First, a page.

Mathematical modeling Ph.D. student earns FDA fellowship

Kimberly Dautel is studying COVID-19 mathematical models and assessing predictive performance

Jeffrey Iorio

RIT mathematical modeling Ph.D. student Kimberly Dautel has earned a fellowship from the U.S. Food and Drug Administration to analyze models on the spread of COVID-19 and assess their predictive performance.

Kimberly Dautel, a mathematical modeling Ph.D. student, is undertaking COVID-19 modeling research thanks to a fellowship from the U.S. Food and Drug Administration’s Center for Devices and Radiological Health. Dautel, who is from Rochester, came to RIT after earning her undergraduate degree from another university. She credits her decision to study at RIT to the outstanding research opportunities that are available and the chance to work closely with faculty on projects that interest her.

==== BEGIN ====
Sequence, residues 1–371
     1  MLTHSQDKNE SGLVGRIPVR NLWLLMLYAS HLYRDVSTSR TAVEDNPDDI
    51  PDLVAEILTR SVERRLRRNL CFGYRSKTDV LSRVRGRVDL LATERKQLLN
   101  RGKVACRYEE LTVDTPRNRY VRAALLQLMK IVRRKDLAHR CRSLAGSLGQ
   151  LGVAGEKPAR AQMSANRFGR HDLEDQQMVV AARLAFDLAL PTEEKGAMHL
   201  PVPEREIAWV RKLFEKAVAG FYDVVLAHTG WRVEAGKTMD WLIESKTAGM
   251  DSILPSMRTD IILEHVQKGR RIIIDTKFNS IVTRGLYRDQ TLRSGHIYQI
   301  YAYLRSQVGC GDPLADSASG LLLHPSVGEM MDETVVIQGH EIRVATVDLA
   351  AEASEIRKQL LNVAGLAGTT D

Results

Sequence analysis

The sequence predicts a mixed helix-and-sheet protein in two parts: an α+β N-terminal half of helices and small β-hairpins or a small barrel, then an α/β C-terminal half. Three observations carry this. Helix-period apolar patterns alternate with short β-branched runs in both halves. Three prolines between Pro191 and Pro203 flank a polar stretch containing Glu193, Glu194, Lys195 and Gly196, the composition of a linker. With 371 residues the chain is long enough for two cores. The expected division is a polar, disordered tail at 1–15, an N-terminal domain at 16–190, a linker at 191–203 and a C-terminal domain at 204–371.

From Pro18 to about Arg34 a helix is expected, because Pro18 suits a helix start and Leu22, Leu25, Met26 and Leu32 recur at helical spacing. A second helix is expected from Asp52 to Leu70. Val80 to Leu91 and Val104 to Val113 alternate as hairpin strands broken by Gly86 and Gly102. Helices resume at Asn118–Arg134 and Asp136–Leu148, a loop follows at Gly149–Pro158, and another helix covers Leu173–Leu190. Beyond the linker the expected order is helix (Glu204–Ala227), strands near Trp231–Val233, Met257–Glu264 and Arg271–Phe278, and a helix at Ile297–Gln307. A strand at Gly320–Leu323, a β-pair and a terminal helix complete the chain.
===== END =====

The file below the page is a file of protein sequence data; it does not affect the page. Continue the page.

What led you to choose RIT’s mathematical modeling Ph.D. program for your course of study?

While I was applying to various math Ph.D. programs, I saw a poster for RIT’s mathematical modeling Ph.D. program hanging up in the School of Computer Science and Mathematics building at Marist College, where I earned my undergraduate degree.